Garlic, onion top herbal cures for earache
Can extracts from onion, garlic, lime, olive oil, hog plum, chieftaincy leaf, asthma herb provide novel cure for ear, nose and throat infections? CHUKWUMA MUANYA (Assistant Editor) writes.
Recent studies have shown the efficacy of naturopathic herbal extract (consisting of Allium sativum (garlic), Verbascum thapsus (mullein flowers), Calendula flores (marigolds), and Hypericum peroforatum (St. John’s wort) in olive oil in the management of ear pain associated with acute otitis media (AOM).
The study published in the journal JAMA Pediatrics and Archives of Pediatrics & Adolescent Medicine is titled “Efficacy of Naturopathic Extracts in the Management of Ear Pain Associated With Acute Otitis Media.”
The researchers evaluated the efficacy and tolerance of Otikon Otic Solution (Healthy-On Ltd, Petach-Tikva, Israel), a naturopathic herbal extract (containing Allium sativum, Verbascum thapsus, Calendula flores, and Hypericum perforatum in olive oil), compared with Anaesthetic (Vitamed Pharmaceutical Limited, Benyamina, Israel) ear drops (containing ametocaine and phenazone in glycerin) in the management of ear pain associated with acute otitis media (AOM).
Children between the ages of six and 18 years who experienced ear pain (otalgia) and who were diagnosed with eardrum problems associated with AOM were randomly assigned to be treated with Otikon or Anaesthetic ear drops, which were instilled into the external canal(s) of the affected ear(s). Ear pain was assessed using two visual analog scales: a linear scale and a color scale. Pain assessment took place throughout the course of three days. The mean score of pain reduction was used to measure outcome.
The results showed each of the two treatment groups were comparable on the basis of age, sex, laterality of AOM, and the effectiveness of ameliorating symptoms of otalgia. The two groups were also comparable to each other in the initial ear pain score and in the scores at each application of Otikon or Anaesthetic drops. There was a statistically significant improvement in ear pain score throughout the course of the study period.
The researchers concluded: “Otikon, an ear drop formulation of naturopathic origin, is as effective as Anaesthetic ear drops and was proven appropriate for the management of AOM-associated ear pain.”
Also, a review of medicinal plants for the treatment of earache and tinnitus in Iran published The International Tinnitus Journal showed that the members of families Asteraceae and Lamiaceae were the most commonly used plants to treat earache.
Tinnitus is the perception of noise or ringing in the ears. A common problem, tinnitus affects about one in five people. Tinnitus is a symptom of an underlying condition, such as age-related hearing loss, ear injury or a circulatory system disorder.
The Iranian researchers noted: “… Allium sativum (garlic) can exert therapeutic effects on otitis media. To achieve this purpose, Allium sativum wrapped up in a small piece of clean cloth is applied into the ear to relieve otitis media. To reduce tinnitus, Amygdalus communis oil is dropped, alongside Matricaria recutita juice, into the ear. To reduce tinnitus, first, Origanum majorana is boiled and then its juice is mixed with olive oil; the resulting solution is poured into the ear. Allium cepa (onion) juice is dropped into the ear to reduce tinnitus…”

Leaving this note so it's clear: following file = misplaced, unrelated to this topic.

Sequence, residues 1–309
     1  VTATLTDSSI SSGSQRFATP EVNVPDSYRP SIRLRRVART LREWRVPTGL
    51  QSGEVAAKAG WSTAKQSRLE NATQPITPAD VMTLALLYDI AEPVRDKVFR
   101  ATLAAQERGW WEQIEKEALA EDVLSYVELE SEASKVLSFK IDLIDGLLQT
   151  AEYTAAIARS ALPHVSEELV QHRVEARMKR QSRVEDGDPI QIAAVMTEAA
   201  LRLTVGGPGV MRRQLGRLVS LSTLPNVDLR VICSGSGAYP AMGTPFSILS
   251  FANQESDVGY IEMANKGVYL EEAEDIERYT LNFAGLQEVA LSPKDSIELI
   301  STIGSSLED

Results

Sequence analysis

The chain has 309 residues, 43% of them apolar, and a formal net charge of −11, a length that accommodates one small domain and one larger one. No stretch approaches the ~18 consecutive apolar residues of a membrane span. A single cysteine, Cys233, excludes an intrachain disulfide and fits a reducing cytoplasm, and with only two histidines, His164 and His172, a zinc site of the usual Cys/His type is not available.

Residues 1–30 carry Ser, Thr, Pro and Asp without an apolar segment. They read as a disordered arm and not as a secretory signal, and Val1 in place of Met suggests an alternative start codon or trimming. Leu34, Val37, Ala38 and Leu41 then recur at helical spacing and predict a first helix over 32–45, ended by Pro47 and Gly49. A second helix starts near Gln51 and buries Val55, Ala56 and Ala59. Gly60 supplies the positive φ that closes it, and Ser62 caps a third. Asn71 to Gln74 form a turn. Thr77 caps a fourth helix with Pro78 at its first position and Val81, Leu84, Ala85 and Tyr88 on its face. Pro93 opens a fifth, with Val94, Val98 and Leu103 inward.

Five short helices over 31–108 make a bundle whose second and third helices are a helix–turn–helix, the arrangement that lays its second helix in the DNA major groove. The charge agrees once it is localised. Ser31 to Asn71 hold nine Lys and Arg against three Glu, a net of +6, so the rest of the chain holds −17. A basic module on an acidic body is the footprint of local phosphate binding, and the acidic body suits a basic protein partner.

Four medical plants consisting of Panax ginseng, Melissa officinalis, Allium cepa (onion), and Ginkgo biloba were frequently reported to be used for the treatment of tinnitus by the people of different regions of Iran. Leaves were the most frequently used parts of the plants, including herbal preparations, followed by the flower and roots, fruits, and seeds. Boiling the plant was the most commonly used method of preparation to use these plants to treat earache and tinnitus.
Tinnitus is one of the most common ear, nose, and throat disorders with an estimated 14.2 per cent prevalence in adults. Tinnitus is considered irritating and a serious issue in three to five per cent of the patients. Tinnitus is a complicated and multifactorial disorder; although certain factors such as stress and anxiety, exposure to loud noises, anti-inflammatory drugs, antibiotics, and sedatives are definite causes of tinnitus in some cases, the definite cause of this disease cannot be detected in other cases.
Holistic and novel approaches and therapies to treat tinnitus, which cause few side effects, are constantly being sought out. In many cases, there is no standard treatment for tinnitus. Anti-depressants seem to reduce tinnitus yet with numerous side effects. Current treatments for tinnitus include the use of hearing aids, voice therapy, environmental sound enrichment, adjuvant therapies, vasodilators using corticosteroids, anticonvulsants, antispasmodics, lidocaine, and benzodiazepines. Cinnarizine is an anti-histamine used to treat tinnitus, however, the use of high doses of cinnarizine causes vasodilation.
Earlier study by Nigerian researchers identified 24 medicinal plants used by the Binis in Edo State for the treatment of eye, ear, nose and throat infections.
The ethnobotanical survey showed that among the plants studied some plant species like Allium cepa (onion), Newbouldia laevis (fertility/chieftaincy leaf), Euphorbia hirta (Asthma herb)) and Spondias mombin (Hog plum) are used for the treatment of more than one ailment.
Ethnobotany is a preliminary method of research, suitable for gathering information on the use of plants.
The enthnobotanical survey of plants used in the treatment of ophthalmic and ENT (Ear, Nose and Throat) ailments in Benin City, Edo State was published in Experimental Oncology and Ethnobotanical Leaflets.
The researchers led by Prof. MacDonald Idu, G.O. Obaruyi and J. O. Erhabor of the Department of Plant Biology and Biotechnology, University of Benin City, Edo State, revealed that 24 plant species belonging to 18 families and 22 genera are commonly in use in the treatment of eye and ENT; of these, 16 plant species are used for the treatment of eye ailment, five for ear, three for nose while five are used for throat ailment.